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Very, very sad but true. And not just in Japan.
Restoring output and employment is only a matter of a few spread sheet entries by the government on its own spreadsheet.
Lower interest rates and other forms of ‘monetary policy’ don’t cut it.
What’s needed is a fiscal adjustment large enough to offset the desire of the population not to spend its income.
Operationally, that takes nothing more than debiting and crediting a few accounts on the governments spreadsheet.
by Stuart Biggs and Toko Sekiguchi
Feb 5 (Bloomberg) — Homeless and suicide numbers in Japan may spike as manufacturers including Sony Corp., Panasonic Corp. and Honda Motor Co. fire thousands of workers to cut costs amid the country’s worst recession since World War II, unions said.
Changes in labor law since 1999 have left a third of Japan’s workforce employed on short-term contracts offering little security and no unemployment benefits. Wages are often less than welfare payments and many temporary workers live in company dormitories, leaving newly unemployed also homeless, unions and activists say.
As the number of temporary workers increased, so did poverty levels as 4.3 million, or 8.1 percent of all Japanese households, earned less than 1 million yen ($11,200) in 2007, up from 3.1 million in 2001, according to ministry data.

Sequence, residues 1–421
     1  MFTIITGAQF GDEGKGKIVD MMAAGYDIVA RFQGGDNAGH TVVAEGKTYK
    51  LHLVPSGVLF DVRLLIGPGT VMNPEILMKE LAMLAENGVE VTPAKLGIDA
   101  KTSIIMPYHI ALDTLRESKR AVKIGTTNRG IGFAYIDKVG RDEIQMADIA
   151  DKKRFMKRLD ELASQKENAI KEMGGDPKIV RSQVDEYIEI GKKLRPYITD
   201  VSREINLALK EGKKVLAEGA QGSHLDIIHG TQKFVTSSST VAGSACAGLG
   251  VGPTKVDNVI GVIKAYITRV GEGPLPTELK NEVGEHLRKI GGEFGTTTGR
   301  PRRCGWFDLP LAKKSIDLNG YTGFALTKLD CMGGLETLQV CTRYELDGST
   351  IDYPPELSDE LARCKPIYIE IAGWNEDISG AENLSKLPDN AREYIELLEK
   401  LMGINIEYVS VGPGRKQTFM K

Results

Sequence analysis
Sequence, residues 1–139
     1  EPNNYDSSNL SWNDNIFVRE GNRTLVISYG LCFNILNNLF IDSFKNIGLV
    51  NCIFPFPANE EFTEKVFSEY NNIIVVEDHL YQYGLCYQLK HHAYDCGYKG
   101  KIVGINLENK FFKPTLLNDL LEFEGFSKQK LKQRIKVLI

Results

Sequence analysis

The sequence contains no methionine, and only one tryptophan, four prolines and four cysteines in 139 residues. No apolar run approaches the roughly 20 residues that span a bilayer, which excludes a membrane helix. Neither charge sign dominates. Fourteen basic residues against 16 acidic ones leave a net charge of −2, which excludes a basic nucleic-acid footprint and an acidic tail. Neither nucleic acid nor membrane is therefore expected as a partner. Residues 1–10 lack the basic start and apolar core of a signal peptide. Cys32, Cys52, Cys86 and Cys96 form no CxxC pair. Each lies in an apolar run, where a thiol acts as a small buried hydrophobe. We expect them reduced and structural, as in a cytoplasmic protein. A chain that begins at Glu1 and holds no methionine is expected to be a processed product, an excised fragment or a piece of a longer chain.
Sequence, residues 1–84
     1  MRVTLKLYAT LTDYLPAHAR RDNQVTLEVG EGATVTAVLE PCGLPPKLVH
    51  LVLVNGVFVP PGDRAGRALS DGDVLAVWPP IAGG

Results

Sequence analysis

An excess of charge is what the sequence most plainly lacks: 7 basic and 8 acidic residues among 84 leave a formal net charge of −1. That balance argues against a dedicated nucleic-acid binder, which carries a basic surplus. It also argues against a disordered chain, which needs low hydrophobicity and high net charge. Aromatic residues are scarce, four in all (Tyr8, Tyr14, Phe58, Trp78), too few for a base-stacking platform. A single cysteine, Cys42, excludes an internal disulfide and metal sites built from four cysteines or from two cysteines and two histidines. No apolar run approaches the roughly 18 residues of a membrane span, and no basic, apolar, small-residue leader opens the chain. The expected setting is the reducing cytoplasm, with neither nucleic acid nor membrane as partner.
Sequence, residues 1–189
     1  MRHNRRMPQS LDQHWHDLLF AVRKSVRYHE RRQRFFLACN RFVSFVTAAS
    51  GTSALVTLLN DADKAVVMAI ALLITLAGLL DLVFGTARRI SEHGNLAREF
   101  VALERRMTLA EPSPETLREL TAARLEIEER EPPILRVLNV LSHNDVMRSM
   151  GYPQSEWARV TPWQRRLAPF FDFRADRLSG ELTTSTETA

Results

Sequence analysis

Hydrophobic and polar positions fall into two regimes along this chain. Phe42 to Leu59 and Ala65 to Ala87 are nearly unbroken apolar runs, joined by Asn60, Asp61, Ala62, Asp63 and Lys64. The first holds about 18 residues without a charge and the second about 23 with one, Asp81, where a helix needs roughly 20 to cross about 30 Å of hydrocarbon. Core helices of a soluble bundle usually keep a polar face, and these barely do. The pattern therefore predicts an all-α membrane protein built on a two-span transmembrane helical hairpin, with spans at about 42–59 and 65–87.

“It’s totally unstable, unlike anywhere else in the world,” Makoto Kawazoe, an official with the Tokyo Young Contingent Workers Union, said yesterday. “You can’t treat labor like raw materials and expect it to conform to a ‘just in time’ manufacturing system. Labor is live human beings who have to eat and survive.”
Economic woes in Japan historically herald an increase in people taking their own lives in a society that already sees a suicide about every 15 minutes. Fifty-seven percent of the 33,093 who killed themselves in 2007 were jobless, police figures show.
“For political leaders the suicide rate is a sharp warning over policies,” Koichi Kato, a lawmaker for the ruling Liberal Democratic Party, said in an interview this week.
Prime Minister Taro Aso said on Jan. 28 the government will ease regulations barring non-regular workers from unemployment coverage. For example, Japan’s labor ministry plans to reduce the qualification period for benefits to six months in the same job from 12, starting April 1.